Mitigating fire risks in factories and malls
A fire that broke out at Bashundhara City Shopping Mall in Dhaka on the morning of August 21 was brought under control nearly 16 hours after the incident. The association of the Bashundhara Shopping Mall claimed that the extent of loses from the fire could go up to Tk. 500 million as some 100 shops of level-6 of the mall had been damaged.
Another fire broke out on the third floor of the five-storey Tropical Knitex Ltd factory building in Gazipur district on the night of August 19. After fighting for 16 hours, fire fighters managed to rein in the fire. Referring to the statement of the factory authorities, media reported that goods, machinery, thread and other commodities worth Tk. 180 million in all were ruined in the flames.
In the month of February 2016, several fires broke in Dhaka and the surrounding areas. A factory located in Gazipur, a supplier to retailers like JC Penney and H&M, caught fire on February 2. Luckily, most of the factory's 6,000 employees were not yet on the premises, as the fire took place at 7 am in the morning.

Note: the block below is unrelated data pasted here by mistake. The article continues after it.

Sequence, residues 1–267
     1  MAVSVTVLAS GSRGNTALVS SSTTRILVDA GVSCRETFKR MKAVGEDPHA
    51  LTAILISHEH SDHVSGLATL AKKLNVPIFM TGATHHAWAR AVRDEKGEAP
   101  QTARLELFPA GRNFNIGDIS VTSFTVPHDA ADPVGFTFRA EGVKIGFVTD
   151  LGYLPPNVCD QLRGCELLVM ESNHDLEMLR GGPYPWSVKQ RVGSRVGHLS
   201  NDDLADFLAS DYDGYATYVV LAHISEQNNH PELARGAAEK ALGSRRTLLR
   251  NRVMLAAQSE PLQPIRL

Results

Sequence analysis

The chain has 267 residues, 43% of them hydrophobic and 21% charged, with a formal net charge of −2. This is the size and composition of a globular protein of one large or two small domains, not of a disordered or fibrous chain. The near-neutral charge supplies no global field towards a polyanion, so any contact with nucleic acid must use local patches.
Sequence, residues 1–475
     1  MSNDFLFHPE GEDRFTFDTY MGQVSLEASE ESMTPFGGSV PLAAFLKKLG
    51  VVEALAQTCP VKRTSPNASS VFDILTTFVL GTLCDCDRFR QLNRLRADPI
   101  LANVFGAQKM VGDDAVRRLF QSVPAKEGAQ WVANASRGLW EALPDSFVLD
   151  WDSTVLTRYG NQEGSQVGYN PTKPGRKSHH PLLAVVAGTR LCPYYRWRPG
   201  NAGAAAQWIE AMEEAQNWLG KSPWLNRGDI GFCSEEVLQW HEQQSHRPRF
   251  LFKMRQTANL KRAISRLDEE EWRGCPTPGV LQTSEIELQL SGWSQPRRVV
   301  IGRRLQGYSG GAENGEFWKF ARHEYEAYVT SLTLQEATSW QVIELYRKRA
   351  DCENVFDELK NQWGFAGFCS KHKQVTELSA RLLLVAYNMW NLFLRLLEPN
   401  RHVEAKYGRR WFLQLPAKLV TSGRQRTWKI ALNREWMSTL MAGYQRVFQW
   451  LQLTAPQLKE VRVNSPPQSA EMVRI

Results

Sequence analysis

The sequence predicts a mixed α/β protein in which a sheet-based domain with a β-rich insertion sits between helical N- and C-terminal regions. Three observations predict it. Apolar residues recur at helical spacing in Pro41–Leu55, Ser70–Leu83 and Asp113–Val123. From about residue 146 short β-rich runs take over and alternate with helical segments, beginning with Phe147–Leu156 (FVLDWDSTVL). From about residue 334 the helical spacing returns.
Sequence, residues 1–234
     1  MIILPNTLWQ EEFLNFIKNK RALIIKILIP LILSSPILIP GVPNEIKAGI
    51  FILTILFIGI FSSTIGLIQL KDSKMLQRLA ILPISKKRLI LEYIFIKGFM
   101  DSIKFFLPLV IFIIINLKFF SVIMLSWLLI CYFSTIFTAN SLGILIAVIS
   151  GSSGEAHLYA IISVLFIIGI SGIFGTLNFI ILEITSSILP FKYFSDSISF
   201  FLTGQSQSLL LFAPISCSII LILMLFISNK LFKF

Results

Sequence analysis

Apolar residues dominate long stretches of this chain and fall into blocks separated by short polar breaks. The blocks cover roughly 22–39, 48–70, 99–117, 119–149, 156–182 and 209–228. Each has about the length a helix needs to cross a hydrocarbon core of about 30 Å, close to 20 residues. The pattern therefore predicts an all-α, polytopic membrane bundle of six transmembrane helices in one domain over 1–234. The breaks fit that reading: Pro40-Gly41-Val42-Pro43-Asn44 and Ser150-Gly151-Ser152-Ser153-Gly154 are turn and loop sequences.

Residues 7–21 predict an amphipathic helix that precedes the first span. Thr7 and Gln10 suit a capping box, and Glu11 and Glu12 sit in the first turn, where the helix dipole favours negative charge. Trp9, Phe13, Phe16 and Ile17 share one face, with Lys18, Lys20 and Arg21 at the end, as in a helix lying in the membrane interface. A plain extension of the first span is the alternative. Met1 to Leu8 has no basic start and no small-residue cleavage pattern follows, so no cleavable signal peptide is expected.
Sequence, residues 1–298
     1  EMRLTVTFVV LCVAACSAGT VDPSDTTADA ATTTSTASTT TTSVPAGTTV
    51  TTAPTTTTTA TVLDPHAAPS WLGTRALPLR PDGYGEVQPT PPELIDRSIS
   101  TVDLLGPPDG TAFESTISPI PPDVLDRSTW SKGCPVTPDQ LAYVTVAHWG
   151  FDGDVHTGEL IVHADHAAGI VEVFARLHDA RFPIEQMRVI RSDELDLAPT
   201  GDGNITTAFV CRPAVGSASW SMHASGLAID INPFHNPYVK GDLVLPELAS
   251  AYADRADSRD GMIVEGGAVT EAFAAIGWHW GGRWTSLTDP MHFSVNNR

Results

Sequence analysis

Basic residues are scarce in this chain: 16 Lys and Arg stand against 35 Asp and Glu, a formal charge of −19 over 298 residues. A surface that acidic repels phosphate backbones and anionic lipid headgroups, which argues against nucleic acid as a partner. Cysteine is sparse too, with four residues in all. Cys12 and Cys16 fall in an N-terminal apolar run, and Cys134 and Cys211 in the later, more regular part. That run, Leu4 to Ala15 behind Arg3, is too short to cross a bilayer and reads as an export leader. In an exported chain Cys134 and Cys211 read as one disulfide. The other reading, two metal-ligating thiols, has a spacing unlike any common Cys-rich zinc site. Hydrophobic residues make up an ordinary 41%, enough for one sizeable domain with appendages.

In 2012, more than 110 people died in a fire at the Tazreen Fashion factory.
These incidents indicate that safety measures in factories and malls are not properly maintained.
Fire is one of the most common hazards in Bangladesh. It causes huge loss of lives and properties every year. Fire is a common occurrence in the readymade garment industry. RMG factories employ more than four million workers. But unfortunately, the issue of workers safety is in dire need of further improvement.